A couple of weeks after surgery I was asked to come in for my post-op with Dr. Panossian. At this point I was still under the impression that it was a minor surgery and that I would be healed up in only a couple months. During this consultation, some bad news had to be delivered to me. Dr. Panossian explained that when he checked out my labrum, which connects the bicep muscle to the top/front of the shoulder, he found that it had completely disconnected from the bone, by about a half inch. He explained that this was a degenerative condition and required surgical repair, which involved putting anchors in. As a result, I was going to remain in my sling for six more weeks and then slowly restore function in my arm as I underwent six months of physical therapy. This news was pretty devastating to me. Instead of being able to return to climbing within a couple months, I was now out of the game for the whole year.
The Kaiser Proof of Concept
In early June, CyPace's Proof of Concept with Kaiser began. In order to prepare the code for the POC, I had been putting in 14-16 hour days for about two months. This included all weekend days except for the rare excursions mentioned above. The first few installs of the software at Kaiser did not go very well. It became immediately apparent that some of the differences in their system were going to cause issues. As a result, I had to singlehandedly solve all of the problems we encountered and vastly improve the scalability of the software in a very short period of time. Sometime in early June I started what hopefully will be the most insane work schedule of my life. I began working 35-45 hours at a time, with very very few meals. After such a long set of work, I would sleep for four to ten hours and then start again. This wasn't the kind of work where you knock off two or four hours and reward yourself with a short break or some munchies, I was grinding it out hour after hour without interruption. No email, no youtube, no distractions. Within two weeks I was awake to see eight or nine sunrises. The experience, while in the midst of it, was somewhat soul-crushing. More because I was alone than anything. If there were teammates or coworkers who were sharing the burden, even to nearly the same degree, I would have been far better off psychologically. Instead, I had to turn against everyone because they knew how much I was suffering but they didn't respond and step up, because they thought it was too hard or too much for a person to handle. I lashed out a couple of times with some spicily worded emails, but considering the circumstances I am very proud of how I handled myself. In the future I will avoid situations like this, where I am forced to engage something singlepointedly and without equanimity, but knowing that I am capable of it does give me additional strength and confidence in myself.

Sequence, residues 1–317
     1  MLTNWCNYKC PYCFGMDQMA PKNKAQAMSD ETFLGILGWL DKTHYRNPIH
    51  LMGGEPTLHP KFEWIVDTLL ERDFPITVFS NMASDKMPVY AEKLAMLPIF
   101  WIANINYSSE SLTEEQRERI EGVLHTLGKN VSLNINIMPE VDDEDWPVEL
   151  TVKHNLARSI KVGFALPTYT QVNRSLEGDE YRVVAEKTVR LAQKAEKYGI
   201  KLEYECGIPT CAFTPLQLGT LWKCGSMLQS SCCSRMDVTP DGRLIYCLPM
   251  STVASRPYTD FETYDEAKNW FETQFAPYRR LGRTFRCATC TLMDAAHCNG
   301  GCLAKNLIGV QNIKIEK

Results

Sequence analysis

This brutal routine continued for about a month, as Kaiser continued to allow us to make additional code drops to fix issues they encountered. In early July, however, the code drops stopped and we were forced to go with the code as it stood in the system. Fortunately, the code was very solid, although not perfect, and the folks at Kaiser were really loving the technology. I went on site several times to help encourage their staff to use the tools, and also to help identify issues that were occuring. Although we no longer had the ability to modify the code, there were still opportunities to fix problems by adjusting the SQL database or the Cache Globals. This period was very exciting because we had to be diplomatic to de-emphasize issues, and very quick on our feet to address problems to whatever degree we could. It was also very important for us to maintain a good relationship with the folks on the floor at Kaiser and to achieve this, Nick was invaluable. Because there were so many issues to address, I spent most of my time in my room programming, but Nick was reliably going on site to make sure that CyPace had a face there. So while the Kaiser POC and CyPace in general started as a sucky solo-mission for me, it became much more of a collaborative effort with Nick toward the end and that made it much more enjoyable. The POC ran through August so I'll save the results until a later entry.